Humility leads one to refrain from boasting. St. Paul said of Jesus: "Though he was in the form of God, he did not deem equality with God something to be grasped at." In the Eucharist, Jesus hides His divinity under the appearances of mere bread and wine, a magnificent act of humility. In recognition of this, Pope John Paul II said, "Eucharistic worship is not so much worship of the inaccessible transcendence as worship of the divine condescension."
Frequent and worthy reception of Jesus in Holy Communion and worship of Him in the Blessed Sacrament gives peace of mind, self-knowledge, and contentment.
The Eucharist teaches us humility. St. Cyril of Alexandria pointed this out saying: "If the power of pride is swelling up in you, turn to the Eucharist; and that Bread, Which is your God humbling and disguising Himself, will teach you humility."
We should do all we can to avoid the sin of pride. But we should also keep in mind that each one of us is a very important person. We are important because God loves us. This is what makes every human person very special.
And each of us was given special talents to help build up God's kingdom, talents tailored to the unique mission God has planned for each human person. Reflection on this should help us see both our importance and our nothingness in contrast.
Just as God created the universe from nothing, He can accomplish great things with our nothingness. We need only cooperate with Him. The virtue of humility enables us to do so.
Finally, the Roman Missal succinctly connects the humility of Christ with mystery of the Eucharist. When the priest pours water into the wine at Mass he says,
"By the mystery of this water and wine may we come to share in the divinity of
Christ, who humbled himself to share in our humanity."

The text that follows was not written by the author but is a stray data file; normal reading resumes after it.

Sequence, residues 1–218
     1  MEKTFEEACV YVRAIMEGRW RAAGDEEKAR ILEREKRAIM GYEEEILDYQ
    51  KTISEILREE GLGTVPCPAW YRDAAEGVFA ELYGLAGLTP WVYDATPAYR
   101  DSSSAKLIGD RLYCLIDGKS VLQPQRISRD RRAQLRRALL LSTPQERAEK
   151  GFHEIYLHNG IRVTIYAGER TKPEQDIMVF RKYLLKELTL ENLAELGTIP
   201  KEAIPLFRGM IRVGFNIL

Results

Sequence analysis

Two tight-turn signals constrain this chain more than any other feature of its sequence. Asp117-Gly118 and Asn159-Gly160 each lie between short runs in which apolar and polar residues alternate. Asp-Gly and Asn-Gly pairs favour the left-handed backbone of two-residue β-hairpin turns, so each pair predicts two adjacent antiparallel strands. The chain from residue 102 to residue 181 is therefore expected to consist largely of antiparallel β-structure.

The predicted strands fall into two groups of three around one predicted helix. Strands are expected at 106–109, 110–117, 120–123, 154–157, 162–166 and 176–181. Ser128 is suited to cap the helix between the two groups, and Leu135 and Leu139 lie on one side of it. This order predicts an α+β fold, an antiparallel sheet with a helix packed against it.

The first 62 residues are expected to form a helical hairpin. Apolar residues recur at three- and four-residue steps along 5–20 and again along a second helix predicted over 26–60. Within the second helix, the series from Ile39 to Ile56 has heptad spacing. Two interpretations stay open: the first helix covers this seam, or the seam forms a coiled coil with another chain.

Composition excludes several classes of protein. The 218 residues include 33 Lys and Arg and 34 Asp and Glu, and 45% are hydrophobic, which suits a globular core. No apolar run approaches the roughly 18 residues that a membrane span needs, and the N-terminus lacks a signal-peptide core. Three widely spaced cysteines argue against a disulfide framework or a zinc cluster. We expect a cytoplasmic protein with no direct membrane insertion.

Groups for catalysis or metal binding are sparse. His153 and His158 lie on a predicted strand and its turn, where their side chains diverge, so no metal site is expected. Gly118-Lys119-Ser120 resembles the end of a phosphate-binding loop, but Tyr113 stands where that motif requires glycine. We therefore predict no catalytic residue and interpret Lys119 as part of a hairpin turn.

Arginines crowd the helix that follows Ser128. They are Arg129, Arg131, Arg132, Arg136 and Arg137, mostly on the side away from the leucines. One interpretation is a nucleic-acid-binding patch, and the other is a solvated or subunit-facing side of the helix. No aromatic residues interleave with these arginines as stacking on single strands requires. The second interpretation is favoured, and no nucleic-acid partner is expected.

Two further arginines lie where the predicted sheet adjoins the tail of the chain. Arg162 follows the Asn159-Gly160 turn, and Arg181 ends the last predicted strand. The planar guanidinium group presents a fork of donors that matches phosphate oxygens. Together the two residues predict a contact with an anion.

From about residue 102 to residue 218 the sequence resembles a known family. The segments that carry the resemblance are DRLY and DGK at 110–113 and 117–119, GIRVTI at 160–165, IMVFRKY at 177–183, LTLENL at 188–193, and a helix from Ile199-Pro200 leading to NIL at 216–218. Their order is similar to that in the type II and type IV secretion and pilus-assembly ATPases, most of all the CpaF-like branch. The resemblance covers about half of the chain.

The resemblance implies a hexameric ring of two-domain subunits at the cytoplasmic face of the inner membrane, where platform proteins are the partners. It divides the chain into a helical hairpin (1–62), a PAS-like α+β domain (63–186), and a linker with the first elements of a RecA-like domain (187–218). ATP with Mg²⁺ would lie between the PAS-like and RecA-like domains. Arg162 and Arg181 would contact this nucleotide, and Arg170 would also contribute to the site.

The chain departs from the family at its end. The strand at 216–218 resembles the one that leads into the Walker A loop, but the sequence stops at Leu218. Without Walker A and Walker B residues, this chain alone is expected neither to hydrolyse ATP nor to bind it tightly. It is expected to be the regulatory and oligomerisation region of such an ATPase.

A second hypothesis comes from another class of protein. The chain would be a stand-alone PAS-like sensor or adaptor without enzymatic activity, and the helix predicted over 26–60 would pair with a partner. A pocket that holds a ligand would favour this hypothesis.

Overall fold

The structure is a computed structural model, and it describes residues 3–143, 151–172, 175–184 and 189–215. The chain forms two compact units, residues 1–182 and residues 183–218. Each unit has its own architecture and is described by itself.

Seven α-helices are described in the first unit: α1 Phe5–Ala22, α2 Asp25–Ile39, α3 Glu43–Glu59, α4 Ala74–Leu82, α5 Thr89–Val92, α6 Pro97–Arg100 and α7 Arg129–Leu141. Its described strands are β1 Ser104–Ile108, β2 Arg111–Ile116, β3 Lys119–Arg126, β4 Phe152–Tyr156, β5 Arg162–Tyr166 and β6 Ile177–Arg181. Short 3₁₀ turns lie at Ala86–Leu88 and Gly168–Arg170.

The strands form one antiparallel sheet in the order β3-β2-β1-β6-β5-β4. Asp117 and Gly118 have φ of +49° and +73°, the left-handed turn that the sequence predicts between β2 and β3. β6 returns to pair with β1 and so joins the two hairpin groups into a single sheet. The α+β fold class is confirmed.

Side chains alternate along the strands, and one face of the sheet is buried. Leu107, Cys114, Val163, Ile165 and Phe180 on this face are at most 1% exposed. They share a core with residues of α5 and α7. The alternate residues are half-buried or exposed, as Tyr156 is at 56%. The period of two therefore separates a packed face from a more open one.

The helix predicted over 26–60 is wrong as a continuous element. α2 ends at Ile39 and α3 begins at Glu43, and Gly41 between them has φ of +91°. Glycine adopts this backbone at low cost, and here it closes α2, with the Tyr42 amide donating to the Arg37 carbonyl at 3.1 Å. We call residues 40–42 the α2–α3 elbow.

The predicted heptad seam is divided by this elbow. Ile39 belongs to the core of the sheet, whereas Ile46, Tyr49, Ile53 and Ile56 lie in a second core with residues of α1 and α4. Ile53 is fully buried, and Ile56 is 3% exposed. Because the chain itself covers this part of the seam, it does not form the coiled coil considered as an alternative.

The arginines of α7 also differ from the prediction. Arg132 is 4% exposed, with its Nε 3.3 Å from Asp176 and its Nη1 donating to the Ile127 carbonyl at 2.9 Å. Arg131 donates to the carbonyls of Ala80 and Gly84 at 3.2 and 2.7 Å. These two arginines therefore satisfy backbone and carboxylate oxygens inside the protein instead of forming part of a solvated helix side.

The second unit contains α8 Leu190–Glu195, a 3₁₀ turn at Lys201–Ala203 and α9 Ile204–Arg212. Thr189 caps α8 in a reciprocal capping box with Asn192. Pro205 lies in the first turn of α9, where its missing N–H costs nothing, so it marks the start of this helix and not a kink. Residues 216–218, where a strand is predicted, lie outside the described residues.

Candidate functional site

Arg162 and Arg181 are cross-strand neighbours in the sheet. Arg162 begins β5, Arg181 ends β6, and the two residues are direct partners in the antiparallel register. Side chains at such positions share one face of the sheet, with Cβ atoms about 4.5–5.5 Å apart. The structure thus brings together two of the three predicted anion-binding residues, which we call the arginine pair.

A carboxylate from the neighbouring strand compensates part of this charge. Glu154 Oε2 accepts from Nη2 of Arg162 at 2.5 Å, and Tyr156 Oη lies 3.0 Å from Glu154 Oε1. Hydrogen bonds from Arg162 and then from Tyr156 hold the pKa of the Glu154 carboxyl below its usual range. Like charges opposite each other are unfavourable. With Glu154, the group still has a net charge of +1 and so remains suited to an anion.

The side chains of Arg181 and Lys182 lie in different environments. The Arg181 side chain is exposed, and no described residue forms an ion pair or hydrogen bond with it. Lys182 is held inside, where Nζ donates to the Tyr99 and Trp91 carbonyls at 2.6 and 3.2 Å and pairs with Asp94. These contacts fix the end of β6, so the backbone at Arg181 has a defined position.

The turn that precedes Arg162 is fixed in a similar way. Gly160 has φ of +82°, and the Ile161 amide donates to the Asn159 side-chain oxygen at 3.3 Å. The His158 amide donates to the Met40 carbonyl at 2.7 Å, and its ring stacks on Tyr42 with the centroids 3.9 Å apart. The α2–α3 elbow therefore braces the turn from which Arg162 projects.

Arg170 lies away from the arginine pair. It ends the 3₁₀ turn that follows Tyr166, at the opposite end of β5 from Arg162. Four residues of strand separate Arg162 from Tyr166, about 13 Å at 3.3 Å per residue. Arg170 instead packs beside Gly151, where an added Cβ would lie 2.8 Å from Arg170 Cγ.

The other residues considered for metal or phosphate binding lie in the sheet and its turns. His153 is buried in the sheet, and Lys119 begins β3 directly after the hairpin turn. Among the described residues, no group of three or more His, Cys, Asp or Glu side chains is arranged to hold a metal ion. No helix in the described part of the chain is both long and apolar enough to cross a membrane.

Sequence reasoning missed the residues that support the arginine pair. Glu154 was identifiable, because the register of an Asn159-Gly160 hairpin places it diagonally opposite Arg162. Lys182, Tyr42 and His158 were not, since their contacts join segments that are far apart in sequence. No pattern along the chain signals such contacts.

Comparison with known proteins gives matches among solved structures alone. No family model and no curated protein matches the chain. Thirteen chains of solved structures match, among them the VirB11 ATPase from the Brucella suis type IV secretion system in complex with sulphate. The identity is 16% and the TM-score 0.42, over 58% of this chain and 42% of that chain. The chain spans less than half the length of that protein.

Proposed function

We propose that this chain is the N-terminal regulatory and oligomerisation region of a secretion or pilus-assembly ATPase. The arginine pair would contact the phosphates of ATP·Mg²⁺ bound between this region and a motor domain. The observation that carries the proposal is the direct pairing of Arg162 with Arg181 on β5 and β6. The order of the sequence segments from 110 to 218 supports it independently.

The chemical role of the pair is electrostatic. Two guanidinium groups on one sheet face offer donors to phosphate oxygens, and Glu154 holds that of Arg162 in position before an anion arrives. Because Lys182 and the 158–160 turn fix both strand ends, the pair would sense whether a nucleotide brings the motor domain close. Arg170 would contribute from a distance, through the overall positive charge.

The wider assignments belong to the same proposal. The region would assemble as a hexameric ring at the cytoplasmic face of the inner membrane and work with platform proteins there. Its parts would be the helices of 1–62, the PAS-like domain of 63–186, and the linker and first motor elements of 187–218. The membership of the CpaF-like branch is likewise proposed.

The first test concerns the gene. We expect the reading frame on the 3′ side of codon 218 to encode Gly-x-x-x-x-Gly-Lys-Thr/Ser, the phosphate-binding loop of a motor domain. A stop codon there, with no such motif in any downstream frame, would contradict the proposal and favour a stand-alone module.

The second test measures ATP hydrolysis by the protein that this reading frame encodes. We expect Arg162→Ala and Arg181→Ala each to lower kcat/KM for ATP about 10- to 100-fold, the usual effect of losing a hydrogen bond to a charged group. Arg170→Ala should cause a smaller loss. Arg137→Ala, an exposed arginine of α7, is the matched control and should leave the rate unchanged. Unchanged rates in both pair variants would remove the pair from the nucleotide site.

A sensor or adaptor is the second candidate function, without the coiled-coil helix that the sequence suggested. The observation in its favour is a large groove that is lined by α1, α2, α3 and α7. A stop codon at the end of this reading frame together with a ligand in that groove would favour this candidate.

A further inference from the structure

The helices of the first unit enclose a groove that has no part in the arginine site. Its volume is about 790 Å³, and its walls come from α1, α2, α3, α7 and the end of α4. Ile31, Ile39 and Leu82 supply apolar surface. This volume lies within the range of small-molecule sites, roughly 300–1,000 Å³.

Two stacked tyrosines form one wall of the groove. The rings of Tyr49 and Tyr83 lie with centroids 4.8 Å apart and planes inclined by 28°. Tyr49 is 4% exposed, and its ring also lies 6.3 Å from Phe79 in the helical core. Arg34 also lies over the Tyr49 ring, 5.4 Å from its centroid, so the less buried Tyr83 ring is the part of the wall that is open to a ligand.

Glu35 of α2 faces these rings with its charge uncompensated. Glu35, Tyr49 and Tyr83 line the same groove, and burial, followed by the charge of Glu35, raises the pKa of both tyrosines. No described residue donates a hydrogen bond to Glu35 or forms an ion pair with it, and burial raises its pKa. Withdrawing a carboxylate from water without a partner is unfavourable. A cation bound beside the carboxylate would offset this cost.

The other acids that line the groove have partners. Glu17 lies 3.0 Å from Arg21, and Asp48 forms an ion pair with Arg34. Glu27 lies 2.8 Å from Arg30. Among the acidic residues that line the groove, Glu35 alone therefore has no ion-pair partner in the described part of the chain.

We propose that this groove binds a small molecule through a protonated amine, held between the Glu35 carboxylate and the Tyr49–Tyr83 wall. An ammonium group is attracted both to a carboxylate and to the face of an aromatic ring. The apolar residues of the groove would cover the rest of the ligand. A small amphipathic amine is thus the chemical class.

Paradoxes of Catholicism
A review of Paradoxes of Catholicism
This book is a collection of abbreviated sermons given by Fr. Robert Hugh Benson
during Lent of 1912. Robert Hugh Benson (1871-1914) was the youngest son of the
Archbishop of Canterbury. He was ordained as a priest of the Church of England
but later converted to the Catholic faith and was ordained a Catholic priest in
1904. He wrote a number of books, the most popular being Lord of the World,
which is an apocalyptic novel set several generations in the future.
APEA Activity in 2009
In 2009 the priests of the Apostolate for Perpetual Eucharistic Adoration visited the following parishes to help start or maintain perpetual Eucharistic adoration (or as close to it as possible):
Changing of the Guard
We would like to extend our sincere thanks and good wishes to Mrs. Angeline Sgro, who has retired as mission coordinator for Fr. Joseph De Luca, M.S.S. She has been serving the apostolate admirably in that position for the past nine years and has also served as co-head coordinator and division leader for perpetual adoration in her parish, Saint Casimir in Elmira, NY. She will be sorely missed. Angie is being succeeded by Mr. Pratt Landry of Slidell, LA. Welcome aboard Pratt. Fr Joseph can still be reached at his apostolate telephone, (607) 737-7022.
Pope Benedict XVI on Belief in the Lord's Eucharistic Presence
The more lively the Eucharistic faith of the People of God, the deeper is its sharing in ecclesial life in steadfast commitment to the mission entrusted by Christ to his disciples. The Church's very history bears witness to this. Every great reform has in some way been linked to the rediscovery of belief in the Lord's Eucharistic presence among his people.
Missionary Priests of the Blessed Sacrament
P.O. Box 1428 • Bensalem, Pa 19020
Tel: 215.244.9211 Fax: 215.244.9211